0,5,7 -> until 2,6,10

       gives

           [0..2), [5..6), [7..10)

   start_set
   end_set
       These methods do the inverse of the "until" method.

       Given:

           [0..2), [5..6), [7..10)

       start_set is:

           0,5,7

       end_set is:

           2,6,10

   intersected_spans
           $set = $set1->intersected_spans( $set2 );

       The method returns a new set, containing all spans that are intersected by the given set.

       Unlike the "intersection" method, the spans are not modified.  See diagram below:

                      set1   [....]   [....]   [....]   [....]
                      set2      [................]

              intersection      [.]   [....]   [.]

         intersected_spans   [....]   [....]   [....]

   quantize
           quantize( parameters )

               Makes equal-sized subsets.

               Returns an ordered set of equal-sized subsets.

               Example:

                   $set = Set::Infinite->new([1,3]);
                   print join (" ", $set->quantize( quant => 1 ) );

               Gives:

                   [1..2) [2..3) [3..4)

   select
           select( parameters )

       Selects set spans based on their ordered positions

       "select" has a behaviour similar to an array "slice".

                   by       - default=All
                   count    - default=Infinity

        0  1  2  3  4  5  6  7  8      # original set
        0  1  2                        # count => 3
           1              6            # by => [ -2, 1 ]

   offset
           offset ( parameters )

       Offsets the subsets. Parameters:

           value   - default=[0,0]
           mode    - default='offset'. Possible values are: 'offset', 'begin', 'end'.
           unit    - type of value. Can be 'days', 'weeks', 'hours', 'minutes', 'seconds'.

   iterate
           iterate ( sub { } , @args )

       Iterates on the set spans, over a callback subroutine.  Returns the union of all partial
       results.

       The callback argument $_[0] is a span. If there are additional arguments they are passed
       to the callback.

       The callback can return a span, a hashref (see "Set::Infinite::Basic"), a scalar, an
       object, or "undef".

       [EXPERIMENTAL] "iterate" accepts an optional "backtrack_callback" argument.  The purpose
       of the "backtrack_callback" is to reverse the iterate() function, overcoming the
       limitations of the internal backtracking algorithm.  The syntax is:

           iterate ( sub { } , backtrack_callback => sub { }, @args )

       The "backtrack_callback" can return a span, a hashref, a scalar, an object, or "undef".

       For example, the following snippet adds a constant to each element of an unbounded set:

           $set1 = $set->iterate(
                        sub { $_[0]->min + 54, $_[0]->max + 54 },
                     backtrack_callback =>
                        sub { $_[0]->min - 54, $_[0]->max - 54 },
                     );

   first / last
           first / last

       In scalar context returns the first or last interval of a set.

       In list context returns the first or last interval of a set, and the remaining set (the
       'tail').

       See also: "min", "max", "min_a", "max_a" methods.

   type
           type( "My::Class::Name" )

       Chooses a default object data type.

       default is none (a normal perl SCALAR).

INTERNAL FUNCTIONS

   _backtrack
           $set->_backtrack( 'intersection', $b );

       Internal function to evaluate recurrences.

   numeric
           $set->numeric;

       Internal function to ignore the set "type".  It is used in some internal optimizations,
       when it is possible to use scalar values instead of objects.

   fixtype
           $set->fixtype;

       Internal function to fix the result of operations that use the numeric() function.

   tolerance
           $set = $set->tolerance(0)    # defaults to real sets (default)
           $set = $set->tolerance(1)    # defaults to integer sets

       Internal function for changing the set "density".

   min_a
           ($min, $min_is_open) = $set->min_a;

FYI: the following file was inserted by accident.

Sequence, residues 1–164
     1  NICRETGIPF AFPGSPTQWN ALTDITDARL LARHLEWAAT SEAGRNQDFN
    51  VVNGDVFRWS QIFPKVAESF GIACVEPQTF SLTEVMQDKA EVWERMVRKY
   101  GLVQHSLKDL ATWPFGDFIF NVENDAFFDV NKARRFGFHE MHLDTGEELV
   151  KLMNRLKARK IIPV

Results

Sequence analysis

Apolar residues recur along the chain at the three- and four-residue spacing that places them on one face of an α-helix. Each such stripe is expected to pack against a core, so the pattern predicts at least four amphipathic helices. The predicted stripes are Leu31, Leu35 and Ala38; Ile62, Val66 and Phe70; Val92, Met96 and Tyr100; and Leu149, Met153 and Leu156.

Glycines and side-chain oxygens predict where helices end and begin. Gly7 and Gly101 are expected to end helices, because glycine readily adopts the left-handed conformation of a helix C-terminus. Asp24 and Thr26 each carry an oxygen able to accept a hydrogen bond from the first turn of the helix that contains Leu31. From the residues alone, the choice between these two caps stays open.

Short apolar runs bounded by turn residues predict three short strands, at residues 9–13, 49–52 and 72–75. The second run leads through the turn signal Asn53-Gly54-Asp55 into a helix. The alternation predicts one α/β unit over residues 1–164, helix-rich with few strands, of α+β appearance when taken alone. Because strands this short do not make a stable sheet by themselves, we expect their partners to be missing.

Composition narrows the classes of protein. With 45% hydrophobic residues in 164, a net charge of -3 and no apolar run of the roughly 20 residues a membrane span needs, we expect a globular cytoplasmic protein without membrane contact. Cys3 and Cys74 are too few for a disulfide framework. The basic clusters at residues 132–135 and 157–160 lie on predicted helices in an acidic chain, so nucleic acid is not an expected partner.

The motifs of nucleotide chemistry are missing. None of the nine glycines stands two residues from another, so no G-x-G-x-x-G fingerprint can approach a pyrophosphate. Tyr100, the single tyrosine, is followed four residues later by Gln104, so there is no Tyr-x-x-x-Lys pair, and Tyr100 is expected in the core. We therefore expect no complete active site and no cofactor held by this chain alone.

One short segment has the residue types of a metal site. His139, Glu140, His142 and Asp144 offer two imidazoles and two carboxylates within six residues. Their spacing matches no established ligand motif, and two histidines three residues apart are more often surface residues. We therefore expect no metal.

max_a
           ($max, $max_is_open) = $set->max_a;

   as_string
       Implements the "stringification" operator.

       Stringification of unbounded recurrences is not implemented.

       Unbounded recurrences are stringified as "function descriptions", if the class variable
       $PRETTY_PRINT is set.

   spaceship
       Implements the "comparison" operator.

       Comparison of unbounded recurrences is not implemented.

CAVEATS

       ·   constructor "span" notation

               $set = Set::Infinite->new(10,1);

           Will be interpreted as [1..10]

       ·   constructor "multiple-span" notation

               $set = Set::Infinite->new(1,2,3,4);

           Will be interpreted as [1..2],[3..4] instead of [1,2,3,4].  You probably want
           ->new([1],[2],[3],[4]) instead, or maybe ->new(1,4)

       ·   "range operator"

               $set = Set::Infinite->new(1..3);

           Will be interpreted as [1..2],3 instead of [1,2,3].  You probably want ->new(1,3)
           instead.

INTERNALS

       The base set object, without recurrences, is a "Set::Infinite::Basic".

       A recurrence-set is represented by a method name, one or two parent objects, and extra
       arguments.  The "list" key is set to an empty array, and the "too_complex" key is set to
       1.

       This is a structure that holds the union of two "complex sets":

         {
           too_complex => 1,             # "this is a recurrence"
           list   => [ ],                # not used
           method => 'union',            # function name
           parent => [ $set1, $set2 ],   # "leaves" in the syntax-tree
           param  => [ ]                 # optional arguments for the function
         }

       This is a structure that holds the complement of a "complex set":

         {
           too_complex => 1,             # "this is a recurrence"
           list   => [ ],                # not used
           method => 'complement',       # function name
           parent => $set,               # "leaf" in the syntax-tree
           param  => [ ]                 # optional arguments for the function
         }

SEE ALSO

       See modules DateTime::Set, DateTime::Event::Recurrence, DateTime::Event::ICal,
       DateTime::Event::Cron for up-to-date information on date-sets.

       The perl-date-time project <http://datetime.perl.org>

AUTHOR

       Flavio S. Glock <fglock@gmail.com>

COPYRIGHT

       Copyright (c) 2003 Flavio Soibelmann Glock.  All rights reserved.  This program is free
       software; you can redistribute it and/or modify it under the same terms as Perl itself.

       The full text of the license can be found in the LICENSE file included with this module.